Sunday, July 17, 2016

Mount St. Helens, 7/08/2016

We wanted to visit Mount St. Helens since we were in this part of the country. The area was established as a National Volcanic Monument in 1982, two years after the eruption. From where we were staying in Rockwood, WA, we had the option of going to the Mount St. Helens Visitor Center in Castle Rock, WA (90 miles each way), or the Windy Ridge Viewpoint in Stevenson, WA (50 miles). Not surprisingly, we chose to go to Windy Ridge (although I always enjoy a good Visitor Center). 

The north face of the mountain collapsed during the eruption of Mount St Helens on May 181980, causing a huge landslide on the morning of the eruption. The magma burst outward causing a hurricane-force blast of hot gas, ash and rock. Following are some fast facts about the eruption: 
  • 3 = minutes of the initial blast (some slopes were blasted all the way down to bedrock). 
  • 15 = days it took the ash cloud produced by the eruption to circle the globe.
  • 57 = people who died; most from asphyxiation after inhaling hot ash.
  • 230 = square miles damaged by the eruption. 
  • 7,000 = estimated number of large game animals (deer, elk, bear) killed.
  • 8,300 = feet; height of Mount St. Helens post-eruption (from 9,600' prior to it).
  • 22,000 = square miles covered in ash.
  • 110,000 = number of acres set aside as a National Volcanic Monument.
  • 520,000,000 tons of ash
  • 1,000,000,000+ = estimated cost of damages in dollars.
Photo of nearby Yakima, WA, at 1:00 pm on the day of the eruption. 

In summary, the eruption of Mount St. Helens is the deadliest and most economically destructive volcanic event in the history of the US. 

We visited the area along Highway 99 with our first stop at the Monument boundary

This viewpoint provided our first view of the blast area that killed trees up to 17 miles away). Initially, scientists expected the recovery of the area to take hundreds of years. That has proven to be very inaccurate as new vegetation has taken hold in the destroyed forests much sooner. Mount St. Helens is in the foreground, but shrouded by clouds in both photos.

We continued south on Highway 99 to Cascade Peaks Viewpoint. There is a small Visitor Center here and interpretive signs along the viewpoint.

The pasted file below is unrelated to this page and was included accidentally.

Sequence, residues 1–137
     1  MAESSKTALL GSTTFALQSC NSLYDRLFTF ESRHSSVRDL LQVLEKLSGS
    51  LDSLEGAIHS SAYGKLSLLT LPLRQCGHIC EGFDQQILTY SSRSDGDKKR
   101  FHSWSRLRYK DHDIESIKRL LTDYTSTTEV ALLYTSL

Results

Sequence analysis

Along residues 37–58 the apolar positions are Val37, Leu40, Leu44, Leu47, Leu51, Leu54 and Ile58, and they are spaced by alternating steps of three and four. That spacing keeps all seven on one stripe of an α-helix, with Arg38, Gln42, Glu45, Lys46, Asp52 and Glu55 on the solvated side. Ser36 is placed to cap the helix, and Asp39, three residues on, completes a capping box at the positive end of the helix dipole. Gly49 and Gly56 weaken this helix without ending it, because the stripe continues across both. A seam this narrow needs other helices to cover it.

The mountain is still shrouded in clouds, but the base is a bit more visible (we are hoping the clouds lift!) from this location. 

Spirit Lake is visible from several viewpoints including Donnybrook. A massive landslide during the eruption created huge waves on the lake that pulled trees, topsoil and vegetation into the water. This completely altered the chemistry with more bacteria growing in the lake than had ever been recorded in natural water. Gases were produced that made the lake bubble and all visible life was killed. Amazingly, in three years the lake began to recover. Ten years after the eruption the water had almost fully returned to its previous pristine level. Today, there is more aquatic life in Spirit Lake than before the eruption. The power of Mother Nature is pretty darn incredible!

The Smith Creek Overlook is normally the best location along Highway 99 to see the mountain. The cloudy weather continued to shroud the top of the mountain, although you can see the recovering forests around the base and in the nearby valley. Whenever our curious doggy, Sadie, sees a wall, she likes to jump up on it to see what's on the other side.

Windy Ridge is the end of the road on Highway 99 (and as close as you can get to Mount St. Helens from the east). 

The "pumice plain" seen in the photo below is where a massive landslide and multiple waves of hot gases, pumice, and ash covered the area. Today, tenacious plants are starting to grow again on the plain. Big game wildlife have also returned to the area. 

It was really interesting to learn more about the Mount St. Helens eruption as we both vividly remember the news images that were broadcast at the time. But, that will not be the last eruption from this mountain. It is listed as one of the top 10 "most volatilevolcanoes in the world and will likely erupt again...but no one can say when!

There is no admission fee to this national monument. For additional information about the national monument, check out their website at

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